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Sharp Rise in Drugged Driving Fatalities

drugged drivingThe prevalence of non-alcohol drugs that have been detected in fatally injured drivers in the United States has been steadily rising, tripling from 1999 to 2010.[1] Most commonly, the drivers tested positive for marijuana.1

Therefore, to assess these trends, researchers at Columbia University’s Mailman School of Public Health examined the toxicology reports from the National Highway Traffic Safety Administration’s Fatality Analysis Reporting System.1 They found that of the 23,591 drivers who were killed within one hour of a crash, 39.7 percent tested positive for alcohol, and 24.8 percent for other drugs.1 While the percent of positive results for alcohol remained stable, the prevalence of non-alcohol drugs rose from 16.6 percent in 1999 to 28.3 percent in 2010.1 Marijuana rates alone rose from 4.2 percent to 12.2 percent.1

The study is based on data from six U.S. states that routinely perform toxicology tests on drivers involved in fatal car crashes: California, Hawaii, Illinois, New Hampshire, Rhode Island, and West Virginia.1 Results showed that alcohol involvement was more prevalent in men (43.6 percent) than in women (26.1 percent); however, the rising trends were found for both sexes.1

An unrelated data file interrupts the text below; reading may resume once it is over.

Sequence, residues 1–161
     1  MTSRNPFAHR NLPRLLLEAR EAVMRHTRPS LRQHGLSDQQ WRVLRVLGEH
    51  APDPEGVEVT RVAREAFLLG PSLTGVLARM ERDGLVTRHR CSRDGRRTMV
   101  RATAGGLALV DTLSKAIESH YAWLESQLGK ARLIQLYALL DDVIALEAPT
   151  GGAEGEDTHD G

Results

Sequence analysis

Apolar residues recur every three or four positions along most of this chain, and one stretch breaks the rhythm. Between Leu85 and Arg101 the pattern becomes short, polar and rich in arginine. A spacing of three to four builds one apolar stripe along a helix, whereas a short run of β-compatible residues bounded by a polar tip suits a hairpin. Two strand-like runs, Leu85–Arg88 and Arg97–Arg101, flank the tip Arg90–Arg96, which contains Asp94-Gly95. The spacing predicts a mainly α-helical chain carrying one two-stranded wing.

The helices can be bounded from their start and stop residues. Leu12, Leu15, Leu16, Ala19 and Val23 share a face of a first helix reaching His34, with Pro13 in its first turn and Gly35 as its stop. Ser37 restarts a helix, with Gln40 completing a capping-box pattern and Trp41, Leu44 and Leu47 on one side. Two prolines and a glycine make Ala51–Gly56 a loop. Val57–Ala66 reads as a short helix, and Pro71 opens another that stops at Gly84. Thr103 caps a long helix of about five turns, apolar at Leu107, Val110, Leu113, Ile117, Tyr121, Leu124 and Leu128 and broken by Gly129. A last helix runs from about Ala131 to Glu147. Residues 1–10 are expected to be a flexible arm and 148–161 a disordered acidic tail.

“Although earlier research showed that drug use is associated with impaired driving performance and increased crash risk, trends in narcotic involvement in driver fatalities have been understudied,” said Guohua Li, MD, DrPH, director of the Center for Injury Epidemiology and Prevention. “Given the increasing availability of marijuana and the ongoing opioid overdose epidemic, understanding the role of controlled substances in motor vehicle crashes if of significant public health importance.”1

Joanne Brady, lead author of the study, noted that research from 2007 to 2013 showed an increase in drivers testing positive for marijuana in roadside surveys, as well as drivers involved in fatal crashes in California and Colorado.1

“The marked increase in its prevalence as reported in the present study is likely germane to the growing decriminalization of marijuana,” said Brady. “Although each of [the states who have legislation pending to decriminalize medical marijuana] have laws that prohibit driving under the influence of marijuana, it is still conceivable that its decriminalization may result in increases in crashes involving marijuana.”1

According to Dr. Li, “It is important to interpret the prevalence of non-alcohol drugs reported in this study as an indicator of drug use but not necessarily as a measurement of drug impairment. To control the ongoing epidemic of drugged driving, it is imperative to strengthen and expand drugs testing and intervention programs for drivers.”1



[1] Columbia University’s Mailman School of Public Health. (2014, January 30). Signs point to sharp rise in drugged driving fatalities. ScienceDaily. Retrieved April 28, 2014 from www.sciencedaily.com/releases/2014/01/140130111003.htm

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